Editor’s Note: This feature is part of CNN Style’s series Hyphenated which explores the complex issue of identity among minorities in the United States.
“American Born Chinese,” the new Disney+ show based on Gene Luen Yang’s graphic novel of the same name, transports viewers to two distinct realms: Heaven, via iconic Chinese mythology, and Earth, via an American high school.
For series’ costume designer Joy Cretton, that meant creating ensembles that were both grounded and otherworldly.
“You’re going back and forth between two insanely different worlds,” she said in a Zoom interview with CNN. “Is it a hoodie? A blinged-out lotus crown? It was interesting to get to have such a drastic contrast in the costumes that we were always working on.”
Costuming the ‘other’
The series follows three distinct story lines. The first centers on Jin Wang (Ben Wang), a Chinese American teenager at a mostly White high school. Jin just wants to make the soccer team and fit in, but his plans are derailed with the arrival of Wei-Chen (Jimmy Liu), a new student who lacks the anxiety that comes with being “the other.”
The differences in the two boys’ personalities are made more apparent through their clothing. Jin, who doesn’t want to stand out from his peers, dresses in muted hoodies and T-shirts.
Wei-Chen, meanwhile, is much more confident and has a unique sense of style (after a student makes fun of his robot shirt in the first episode, Wei-Chen stands up for himself). He wears bold-colored graphic tees, a woven leather belt and socks with sandals. Cretton said she and her team drew inspiration for Wei-Chen’s outfits from elderly men on the streets of Chinatown in Los Angeles, as well as the art from the original graphic novel. They wanted his clothes to have a thrown-together feel that at first glance, “may seem nerdy or not cool.”
“But once you meet him and you see the way he carries himself with so much confidence, you realize that he is cool and that look is cool, and it’s something that other kids might want to wear too,” she added.
Chinese mythology, but make it fashion
As it happens, Wei-Chen has never had much reason to doubt himself.
He’s the son of Sun Wukong (Daniel Wu), or the Monkey King – a hero from the classic 16th century Chinese novel “Journey to the West.” Enter the second storyline. Wei-Chen, having stolen his father’s magical staff, is in California in hopes of defeating a celestial uprising.
(A third story line features Ke Huy Quan as Freddy Wong, a caricatured Asian character on a ’90s sitcom who becomes a viral meme.)
Though characters such as Sun Wukong are familiar to people of Chinese descent, Cretton – who grew up on Maui – said she didn’t grow up with “Journey to the West” the way that some of the show’s cast and crew did. But having so much Chinese and Chinese American representation on screen and behind the scenes proved immensely helpful.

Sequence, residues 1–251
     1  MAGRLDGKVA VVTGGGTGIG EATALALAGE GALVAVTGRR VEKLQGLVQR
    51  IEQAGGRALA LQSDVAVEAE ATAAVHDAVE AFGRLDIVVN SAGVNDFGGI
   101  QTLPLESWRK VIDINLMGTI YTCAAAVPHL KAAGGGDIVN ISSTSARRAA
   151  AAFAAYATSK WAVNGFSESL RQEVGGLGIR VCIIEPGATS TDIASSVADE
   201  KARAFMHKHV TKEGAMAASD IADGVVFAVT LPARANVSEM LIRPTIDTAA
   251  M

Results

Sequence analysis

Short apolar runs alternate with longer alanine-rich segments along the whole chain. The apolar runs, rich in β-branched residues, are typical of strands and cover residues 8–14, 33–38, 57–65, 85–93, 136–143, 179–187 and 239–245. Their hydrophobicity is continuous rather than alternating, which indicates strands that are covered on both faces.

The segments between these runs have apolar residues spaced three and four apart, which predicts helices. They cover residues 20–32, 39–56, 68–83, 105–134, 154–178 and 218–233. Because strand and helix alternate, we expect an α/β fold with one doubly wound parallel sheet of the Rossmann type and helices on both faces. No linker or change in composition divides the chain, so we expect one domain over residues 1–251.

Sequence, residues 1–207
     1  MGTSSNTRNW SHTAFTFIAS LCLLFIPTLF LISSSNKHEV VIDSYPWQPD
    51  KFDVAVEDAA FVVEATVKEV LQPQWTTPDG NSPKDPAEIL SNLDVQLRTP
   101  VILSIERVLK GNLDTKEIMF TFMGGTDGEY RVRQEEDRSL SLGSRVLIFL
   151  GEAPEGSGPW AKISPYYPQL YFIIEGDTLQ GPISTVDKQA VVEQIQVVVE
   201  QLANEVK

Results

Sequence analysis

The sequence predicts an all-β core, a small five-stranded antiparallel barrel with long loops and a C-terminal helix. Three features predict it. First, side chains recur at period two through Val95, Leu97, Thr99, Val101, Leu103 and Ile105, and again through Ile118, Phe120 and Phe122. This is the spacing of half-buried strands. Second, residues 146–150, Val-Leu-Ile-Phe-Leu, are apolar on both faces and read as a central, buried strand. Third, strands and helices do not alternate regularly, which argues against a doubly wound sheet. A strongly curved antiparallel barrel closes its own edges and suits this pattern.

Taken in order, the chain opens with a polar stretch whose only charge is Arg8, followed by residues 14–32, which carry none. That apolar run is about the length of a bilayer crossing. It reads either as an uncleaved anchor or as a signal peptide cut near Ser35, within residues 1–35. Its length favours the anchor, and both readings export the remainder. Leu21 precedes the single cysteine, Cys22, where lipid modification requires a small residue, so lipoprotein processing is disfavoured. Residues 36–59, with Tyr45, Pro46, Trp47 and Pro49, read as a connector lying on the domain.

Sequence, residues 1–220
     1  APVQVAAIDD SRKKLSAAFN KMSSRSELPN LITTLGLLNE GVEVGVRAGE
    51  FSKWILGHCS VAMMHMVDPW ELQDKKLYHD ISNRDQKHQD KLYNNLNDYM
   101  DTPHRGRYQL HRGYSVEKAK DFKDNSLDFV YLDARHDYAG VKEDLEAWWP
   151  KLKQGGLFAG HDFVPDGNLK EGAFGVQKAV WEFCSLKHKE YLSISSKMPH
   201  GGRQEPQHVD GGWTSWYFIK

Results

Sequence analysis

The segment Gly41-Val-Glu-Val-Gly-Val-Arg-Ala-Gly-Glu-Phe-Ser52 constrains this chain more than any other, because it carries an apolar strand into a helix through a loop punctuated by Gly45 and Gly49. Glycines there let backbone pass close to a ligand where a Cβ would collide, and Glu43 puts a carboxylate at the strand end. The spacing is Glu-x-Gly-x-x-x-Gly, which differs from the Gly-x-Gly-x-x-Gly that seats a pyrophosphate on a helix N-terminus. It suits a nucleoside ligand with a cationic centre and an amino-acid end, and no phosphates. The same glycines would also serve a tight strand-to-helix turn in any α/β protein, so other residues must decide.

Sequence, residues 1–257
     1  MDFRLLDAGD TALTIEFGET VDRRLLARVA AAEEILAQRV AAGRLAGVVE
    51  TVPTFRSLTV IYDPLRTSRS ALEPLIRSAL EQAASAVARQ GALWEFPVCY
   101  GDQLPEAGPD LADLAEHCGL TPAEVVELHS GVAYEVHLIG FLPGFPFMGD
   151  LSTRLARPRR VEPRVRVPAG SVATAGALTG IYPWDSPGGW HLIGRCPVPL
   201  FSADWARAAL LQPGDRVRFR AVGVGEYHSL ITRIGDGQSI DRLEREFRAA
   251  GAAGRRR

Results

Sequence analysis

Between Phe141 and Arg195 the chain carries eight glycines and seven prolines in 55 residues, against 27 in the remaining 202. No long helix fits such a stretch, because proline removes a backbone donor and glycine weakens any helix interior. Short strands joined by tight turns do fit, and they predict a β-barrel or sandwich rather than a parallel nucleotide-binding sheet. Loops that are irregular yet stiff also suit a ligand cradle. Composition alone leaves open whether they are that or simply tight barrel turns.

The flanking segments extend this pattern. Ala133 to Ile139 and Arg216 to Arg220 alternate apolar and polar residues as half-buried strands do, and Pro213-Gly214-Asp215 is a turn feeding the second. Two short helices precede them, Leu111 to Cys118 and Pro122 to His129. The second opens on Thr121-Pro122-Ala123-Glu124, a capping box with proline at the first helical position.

Sally Woo, a Chinese American costumer on the show, told Cretton stories about the Monkey King she heard from her mother and grandmother, and shared other media adaptations of “Journey to the West” for inspiration. Cretton also spoke to the actors playing the gods and goddesses about their characters, which informed the costume design.
Working with such beloved characters, though, came with other challenges.
“We wanted the audience that knows these gods and goddesses to recognize them, but we wanted it to be a really new take on them as well,” Cretton said.
Striking the balance between traditional and modern was a daunting prospect, but Cretton said showrunner Kelvin Yu gave the team “permission to play around.”
That creative freedom is on full display in episode four, a flashback episode that sees Sun Wukong and his now rival Bull Demon at a Met Gala-esque party in Heaven. The celestial partygoers are outfitted in sequined blazers, flowy robes and intricate dresses – Cretton said she wanted the characters to retain their original essence, but reimagined in a high fashion environment.
Cretton collaborated with designers Phillip Lim and Prabal Gurung on costumes for two key characters: Sun Wukong and Guanyin (Michelle Yeoh), the Goddess of Mercy. Lim brought his signature silhouettes to the look of Monkey King for an end result that is regal and sleek. Gurung, known for styling celebrities in glamorous gowns on red carpets, was behind Guanyin’s ethereal ensembles.
The costuming process throughout the show was highly collaborative, Cretton said. Yeoh provided constant input on Guanyin’s costumes – from the shape of her light blue, lotus headpiece to her gold diamante face covering at the heavenly party.
“That was something she grabbed in our fitting room,” Cretton recalled. “We just had all these gold accessories and fabric and cords and things. We were just playing and putting things together, and she put that over her face. And we were like, ‘Yes that’s it!’”
Between the actors’ input and the close collaboration with designers and the costume department, which Cretton described as a “little family,” the team behind “American Born Chinese” was able to bring these fantastical elements – rooted in real-life histories – to life.
“Everyone was so excited about the story that we just put in so much extra than than we normally would because we were so determined to get it right and make something really beautiful.”